Believers learn Arabic to bolster their door-to-door efforts to draw new members.
DEARBORN — Recina Ward will wake up early to get there, clutching her Bible, brushing up on her Arabic.
Ward’s regularly scheduled opportunity to go door-to-door in Dearborn as a Jehovah’s Witness is at hand. She is prepared, waking up at 6 a.m. at her home in Westland to reach the Kingdom Hall on Tireman and remembering her training in talking to strangers about Jehovah.
She will ring the doorbells of many Muslims and Arab-Americans today.
Long famous for using the most rudimentary technique to market their religion — the method of the door-to-door salesman — Jehovah’s Witnesses are becoming increasingly sophisticated in their quest to bring people to their spiritual beliefs. With some 6 million adherents in 230 countries, the Jehovah’s Witnesses say their growing task in Metro Detroit, where there are about 125,000 to 200,000 Muslims, is to speak in Arabic about the Bible.
In the same neighborhoods, just a decade ago, the Jehovah’s Witnesses approached a largely Christian population to talk about the Bible and Jesus Christ. Now, Christianity is meeting Islam on the front porch.
The Jehovah’s Witnesses say 30-40 people affiliated with the Kingdom Hall on Tireman have learned Arabic, and they make trips into Arab neighborhoods on at least a monthly basis. Similar activity is occurring in New York, California and in other areas where there is a substantial Arab and Muslim population.
“Arabic is very difficult,” Ward says. “The alphabet is nothing like ours at all. We learned the alphabet in two weekends. In six months, we have learned to read Arabic and to actually go out and give presentations.”
“This sort of thing is happening more and more, especially since September 11,” said Eide Alawan, a Muslim activist affiliated with the Islamic Center of America. “When they come around, most of the people in my neighborhood are courteous enough to say thank you very much. Our people like to enter conversation with them; to challenge them, so to speak.
“They try to convert us. And maybe we try to convert them. With people praying five times a day, maybe Islam is something that should interest them.”
Jehovah’s Witnesses are Christians, and the Bible is integral to their faith. Muslims acknowledge that Jesus Christ was a great prophet, and they believe in the virgin birth. But they believe in Islam, and that Mohammed is the great prophet of God, or Allah. The Quran is the book from which they learn their faith.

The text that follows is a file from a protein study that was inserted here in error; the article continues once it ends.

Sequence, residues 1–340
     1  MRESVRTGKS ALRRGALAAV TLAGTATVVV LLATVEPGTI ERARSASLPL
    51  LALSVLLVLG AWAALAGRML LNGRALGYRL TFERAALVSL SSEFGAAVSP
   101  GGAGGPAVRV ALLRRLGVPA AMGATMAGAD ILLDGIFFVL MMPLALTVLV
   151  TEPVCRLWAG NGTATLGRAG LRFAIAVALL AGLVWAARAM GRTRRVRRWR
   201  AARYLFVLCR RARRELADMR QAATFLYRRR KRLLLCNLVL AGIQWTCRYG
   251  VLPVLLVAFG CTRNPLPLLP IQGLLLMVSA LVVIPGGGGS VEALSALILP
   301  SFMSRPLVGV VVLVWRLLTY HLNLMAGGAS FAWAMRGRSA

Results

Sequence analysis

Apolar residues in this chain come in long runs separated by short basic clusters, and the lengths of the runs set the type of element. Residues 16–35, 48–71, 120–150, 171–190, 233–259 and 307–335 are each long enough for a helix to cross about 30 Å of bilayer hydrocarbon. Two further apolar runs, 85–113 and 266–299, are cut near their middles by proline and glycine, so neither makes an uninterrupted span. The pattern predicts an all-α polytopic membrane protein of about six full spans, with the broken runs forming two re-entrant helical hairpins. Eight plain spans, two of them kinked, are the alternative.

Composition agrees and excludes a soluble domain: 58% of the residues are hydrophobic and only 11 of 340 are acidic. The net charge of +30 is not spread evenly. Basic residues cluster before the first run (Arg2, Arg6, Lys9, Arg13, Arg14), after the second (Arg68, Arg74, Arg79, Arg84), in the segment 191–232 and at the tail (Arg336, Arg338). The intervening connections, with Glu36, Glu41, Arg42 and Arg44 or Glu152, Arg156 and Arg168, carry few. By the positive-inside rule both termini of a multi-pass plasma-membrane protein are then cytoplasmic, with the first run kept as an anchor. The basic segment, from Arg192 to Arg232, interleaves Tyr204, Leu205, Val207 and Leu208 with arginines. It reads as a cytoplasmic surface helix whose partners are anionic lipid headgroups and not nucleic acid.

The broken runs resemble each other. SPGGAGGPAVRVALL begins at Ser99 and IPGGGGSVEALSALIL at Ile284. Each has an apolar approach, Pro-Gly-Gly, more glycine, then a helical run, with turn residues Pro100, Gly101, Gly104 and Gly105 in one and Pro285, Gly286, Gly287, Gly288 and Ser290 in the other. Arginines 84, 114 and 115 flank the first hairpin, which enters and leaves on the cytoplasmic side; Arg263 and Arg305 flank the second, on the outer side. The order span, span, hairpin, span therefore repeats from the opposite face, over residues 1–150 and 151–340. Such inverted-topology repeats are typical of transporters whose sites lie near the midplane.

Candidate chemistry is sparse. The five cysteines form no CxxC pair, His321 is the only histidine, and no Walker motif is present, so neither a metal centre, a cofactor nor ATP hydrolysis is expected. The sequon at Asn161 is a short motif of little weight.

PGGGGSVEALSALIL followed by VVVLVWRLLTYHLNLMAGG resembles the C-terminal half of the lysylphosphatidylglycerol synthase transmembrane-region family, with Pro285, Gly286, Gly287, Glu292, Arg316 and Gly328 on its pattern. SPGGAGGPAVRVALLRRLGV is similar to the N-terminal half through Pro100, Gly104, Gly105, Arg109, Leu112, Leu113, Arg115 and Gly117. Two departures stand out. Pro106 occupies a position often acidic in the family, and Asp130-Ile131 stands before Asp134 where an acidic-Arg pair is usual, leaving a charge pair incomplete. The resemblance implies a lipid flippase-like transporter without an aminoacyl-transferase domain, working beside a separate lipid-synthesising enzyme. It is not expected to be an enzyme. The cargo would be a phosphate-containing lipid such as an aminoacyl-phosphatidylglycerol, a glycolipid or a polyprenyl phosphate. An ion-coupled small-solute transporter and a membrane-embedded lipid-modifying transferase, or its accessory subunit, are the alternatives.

Jehovah’s Witnesses say the reception from Muslims and Arab-Americans is, by and large, cordial.
“So far so good,” said Ward of the local campaign, launched early last year with intensive classes in Arabic at the local Kingdom Halls. “Even if we just say a simple greeting, the people are so happy that we are taking the initiative.”And, so, Jehovah meets Allah.
The Jehovah’s Witnesses, speaking from their small Kingdom Halls in Metro Detroit or from their grand international headquarters in Brooklyn, say their sojourn in Dearborn is respectful on both sides. “They are very, very kind,” said Imad Hamad, director of the American-Arab Anti-Discrimination Committee in Michigan. “I know we have our own different perspectives. But this is a right granted to any group of faith or politics, to do their job, as long as they do it right, as long as they do it politely, professionally and do not impose on people. I have never received any complaints. I welcome them.”
Said Ibrahim Hooper, a national spokesman for the Council on American Islamic Relations, “in principle, we are not opposed to people trying to persuade others that theirs is the faith that should be followed. We have no problem with that. Muslims love a good religious debate.”
Jehovah’s Witnesses say that they are called to the door-to-door work by biblical imperative. In a faith that places maximum importance on a strict biblical basis for beliefs, not on “mere human speculation or religious creeds,” the call is tantamount to marching orders.
“Jesus taught his apostles to ‘Go and teach,’ ” said Richard Wertz, 75, of Melvindale, a Jehovah’s Witness who has gone door-to-door for 48 years.
“In Acts, Chapter 20, Paul wrote, ‘While I did not hold back from telling you any of the things that were profitable nor from teaching you publicly and from house to house …’ That was Paul making it clear: You have to go from house to house.”